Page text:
Best In Show
Contrary to what some may think, being a 'celebrity dog' doesn't mean living the life of leisure as Paris Hilton's latest real-life accessory. Popular pups have been making a name for themselves since the early 1900s at the Westminster Dog Show, captivating audiences with their agility, stamina and textbook looks. Here's a preview of the 'Best in Show' lifestyle?
Most popular Westminster breeds
Since 1907, there have been a little more than 100 "Best in Show" titles awarded. Some of the most popular Westminster show dog breeds include the Fox Terrier, which has taken the grand prize a total of 13 times, and the Scottish Terrier which finished first in the 2010 show. Sadie, also known as the "Hottie Scottie," stole the show with her sturdy build and lush, long coat (and that face!). Other popular breeds include the English Springer Spaniel and the standard Poodle.
The 2010 Westminster Dog Show added three new dog breeds to the mix including the Irish Red and White Setter, part of the sporting group that is bred primarily for the field, and known for a strong and powerful athleticism. Then there's the Norwegian Buhund in the herding category that was once the cherished companion of Vikings. Rounding out the new breeds in the 2010 Westminster Dog Show was the Pyrenean Shepherd, also in the herding group, and a popular family companion in France.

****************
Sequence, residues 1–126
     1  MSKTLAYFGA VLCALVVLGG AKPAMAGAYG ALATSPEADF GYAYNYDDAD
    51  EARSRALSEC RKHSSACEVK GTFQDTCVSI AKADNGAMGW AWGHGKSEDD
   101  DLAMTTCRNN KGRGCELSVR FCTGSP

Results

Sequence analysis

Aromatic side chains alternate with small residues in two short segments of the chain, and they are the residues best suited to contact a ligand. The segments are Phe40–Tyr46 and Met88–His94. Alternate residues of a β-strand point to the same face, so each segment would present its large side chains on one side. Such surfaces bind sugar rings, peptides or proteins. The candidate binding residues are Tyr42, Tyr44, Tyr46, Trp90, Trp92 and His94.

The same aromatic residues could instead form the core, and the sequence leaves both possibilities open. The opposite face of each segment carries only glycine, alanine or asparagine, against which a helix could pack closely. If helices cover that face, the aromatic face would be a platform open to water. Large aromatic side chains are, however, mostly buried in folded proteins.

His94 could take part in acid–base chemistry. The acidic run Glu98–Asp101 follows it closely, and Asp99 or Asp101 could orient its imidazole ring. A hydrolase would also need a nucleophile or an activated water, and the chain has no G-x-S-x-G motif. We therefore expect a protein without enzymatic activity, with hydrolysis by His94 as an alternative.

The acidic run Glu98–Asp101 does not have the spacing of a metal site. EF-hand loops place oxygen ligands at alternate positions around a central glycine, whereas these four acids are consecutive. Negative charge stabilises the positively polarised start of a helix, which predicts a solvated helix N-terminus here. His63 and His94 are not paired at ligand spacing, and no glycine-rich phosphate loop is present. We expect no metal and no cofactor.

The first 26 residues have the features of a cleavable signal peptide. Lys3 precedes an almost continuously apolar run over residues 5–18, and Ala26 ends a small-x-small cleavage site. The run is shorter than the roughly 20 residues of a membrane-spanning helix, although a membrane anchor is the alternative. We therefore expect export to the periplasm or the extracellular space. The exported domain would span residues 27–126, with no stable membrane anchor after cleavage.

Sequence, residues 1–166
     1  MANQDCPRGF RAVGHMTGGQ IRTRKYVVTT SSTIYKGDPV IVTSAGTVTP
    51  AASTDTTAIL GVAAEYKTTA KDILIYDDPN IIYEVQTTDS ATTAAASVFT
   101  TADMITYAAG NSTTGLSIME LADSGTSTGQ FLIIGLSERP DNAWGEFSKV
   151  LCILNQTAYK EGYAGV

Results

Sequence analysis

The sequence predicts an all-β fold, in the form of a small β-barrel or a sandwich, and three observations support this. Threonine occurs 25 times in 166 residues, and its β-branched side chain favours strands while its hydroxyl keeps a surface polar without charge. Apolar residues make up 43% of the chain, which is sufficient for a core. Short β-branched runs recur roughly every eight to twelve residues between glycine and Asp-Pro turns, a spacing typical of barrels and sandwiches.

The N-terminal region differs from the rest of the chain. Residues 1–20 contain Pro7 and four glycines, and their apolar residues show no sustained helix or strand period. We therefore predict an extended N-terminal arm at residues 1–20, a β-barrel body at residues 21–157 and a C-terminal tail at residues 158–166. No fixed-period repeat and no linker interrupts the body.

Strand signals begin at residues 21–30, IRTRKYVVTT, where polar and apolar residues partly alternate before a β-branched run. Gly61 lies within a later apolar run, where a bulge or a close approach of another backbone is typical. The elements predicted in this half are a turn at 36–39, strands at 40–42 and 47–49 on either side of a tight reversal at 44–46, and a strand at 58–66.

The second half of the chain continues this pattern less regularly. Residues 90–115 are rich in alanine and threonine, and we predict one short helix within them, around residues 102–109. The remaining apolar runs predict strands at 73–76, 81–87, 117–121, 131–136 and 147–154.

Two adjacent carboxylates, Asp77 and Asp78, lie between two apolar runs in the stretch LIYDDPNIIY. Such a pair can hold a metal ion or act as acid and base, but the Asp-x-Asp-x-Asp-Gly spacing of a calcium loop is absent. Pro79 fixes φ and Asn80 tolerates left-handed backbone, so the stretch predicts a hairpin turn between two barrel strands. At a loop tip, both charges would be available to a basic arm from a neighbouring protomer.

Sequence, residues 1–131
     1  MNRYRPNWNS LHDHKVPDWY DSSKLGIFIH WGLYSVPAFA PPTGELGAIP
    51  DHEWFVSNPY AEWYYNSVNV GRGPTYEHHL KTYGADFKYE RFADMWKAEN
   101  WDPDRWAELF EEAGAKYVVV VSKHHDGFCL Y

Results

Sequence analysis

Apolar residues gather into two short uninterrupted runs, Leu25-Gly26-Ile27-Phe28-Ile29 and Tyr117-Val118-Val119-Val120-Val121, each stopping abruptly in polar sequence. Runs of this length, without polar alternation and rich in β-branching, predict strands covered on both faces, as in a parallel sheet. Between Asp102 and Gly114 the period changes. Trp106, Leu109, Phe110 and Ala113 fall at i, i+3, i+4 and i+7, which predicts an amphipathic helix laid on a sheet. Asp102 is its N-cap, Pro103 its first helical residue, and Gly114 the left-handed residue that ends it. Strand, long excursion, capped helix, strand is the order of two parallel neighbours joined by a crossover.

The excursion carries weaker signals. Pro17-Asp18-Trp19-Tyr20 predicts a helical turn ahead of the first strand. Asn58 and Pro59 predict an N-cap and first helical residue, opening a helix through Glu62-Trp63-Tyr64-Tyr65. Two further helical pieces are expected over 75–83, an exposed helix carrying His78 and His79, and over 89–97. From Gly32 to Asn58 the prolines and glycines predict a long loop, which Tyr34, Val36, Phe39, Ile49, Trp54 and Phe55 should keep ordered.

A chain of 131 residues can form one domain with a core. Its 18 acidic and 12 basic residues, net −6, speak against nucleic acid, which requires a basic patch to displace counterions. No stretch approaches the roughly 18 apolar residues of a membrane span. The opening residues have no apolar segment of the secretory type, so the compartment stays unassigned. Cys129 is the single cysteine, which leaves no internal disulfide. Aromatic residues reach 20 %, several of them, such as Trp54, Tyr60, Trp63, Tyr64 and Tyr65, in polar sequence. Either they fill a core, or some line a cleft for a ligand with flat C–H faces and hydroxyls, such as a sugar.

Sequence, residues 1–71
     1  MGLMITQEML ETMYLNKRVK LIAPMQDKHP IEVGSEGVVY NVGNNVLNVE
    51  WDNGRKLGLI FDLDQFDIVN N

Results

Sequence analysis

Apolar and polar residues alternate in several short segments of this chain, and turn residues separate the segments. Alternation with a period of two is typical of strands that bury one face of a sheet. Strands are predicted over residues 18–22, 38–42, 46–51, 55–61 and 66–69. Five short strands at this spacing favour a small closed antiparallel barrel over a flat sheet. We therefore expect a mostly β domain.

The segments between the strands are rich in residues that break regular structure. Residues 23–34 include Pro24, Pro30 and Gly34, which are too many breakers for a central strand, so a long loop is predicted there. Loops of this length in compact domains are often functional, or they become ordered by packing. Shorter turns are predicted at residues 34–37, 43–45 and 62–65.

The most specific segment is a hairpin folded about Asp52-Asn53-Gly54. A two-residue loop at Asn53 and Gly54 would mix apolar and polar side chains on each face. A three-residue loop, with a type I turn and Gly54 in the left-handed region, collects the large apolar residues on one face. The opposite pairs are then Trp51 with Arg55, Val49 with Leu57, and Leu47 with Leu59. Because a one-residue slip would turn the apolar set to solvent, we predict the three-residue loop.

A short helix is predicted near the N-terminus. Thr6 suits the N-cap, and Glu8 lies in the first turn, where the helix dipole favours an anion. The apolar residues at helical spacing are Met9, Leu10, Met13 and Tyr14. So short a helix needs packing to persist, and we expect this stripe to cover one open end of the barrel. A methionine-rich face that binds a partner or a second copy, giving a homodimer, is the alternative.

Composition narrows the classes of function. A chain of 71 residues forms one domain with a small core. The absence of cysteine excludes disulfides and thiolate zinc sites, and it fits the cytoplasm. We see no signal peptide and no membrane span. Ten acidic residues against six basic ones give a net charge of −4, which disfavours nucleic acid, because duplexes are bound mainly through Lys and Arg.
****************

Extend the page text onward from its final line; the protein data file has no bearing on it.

The cost of owning a show dog – and the rewards
Entry into the Westminster Dog Show is only $75 per applicant, but before you go out and purchase the next "Best in Show" winner, you'll want to consider hidden costs associated with breeding, training and traveling. Take Sadie, for example. Typical Scottish Terriers can cost as little as $200 but if you're looking for a Grade A winner, be prepared to drop a cool bundle – about $2,000 to be exact. And if you're looking to breed your pup, you'll have shell out that total times two.
Unless you live in New York City, you'll need to cover your travel and accommodation expenses, too. Area hotels offer special pricing for Westminster Dog Show participants but average nightly rates still range from $150 up to $400 for two or three nights, depending on how long you're looking to stay. Couple that with meals and airline tickets, and you'll be shelling out a pretty penny.
And let's not forget: Westminster-winning dogs aren't just bred… okay, well maybe they are but it still takes a lot of training and nurturing to get them in tip-top shape. Some professional lessons can cost up to $200 per session, though there are trainers who charge as little as $25 per meeting. Finding the right show equipment is important, too. Brushes, leashes, color-enhancing shampoo, show collar and boarding crates – these are just a few of the things you should be prepared to purchase if you're looking to join the club.
Nevertheless, the cost is obviously worth it to the hundreds of contestants who enter the Westminster Dog Show every year from locations like Texas, Florida and Ohio, and even international locales such as Japan and Brazil. And while there's no monetary reward for Westminster Dog Show winners, the trophy and ribbon (and prestige of becoming "America's Dog" for the year ahead) is enough to keep most coming back year after year.
Other recent Westminster winners
A Scottish Terrier may have proven top dog this year, but we'd be remiss not to mention the pretty little pups that took home top honors for their groups:
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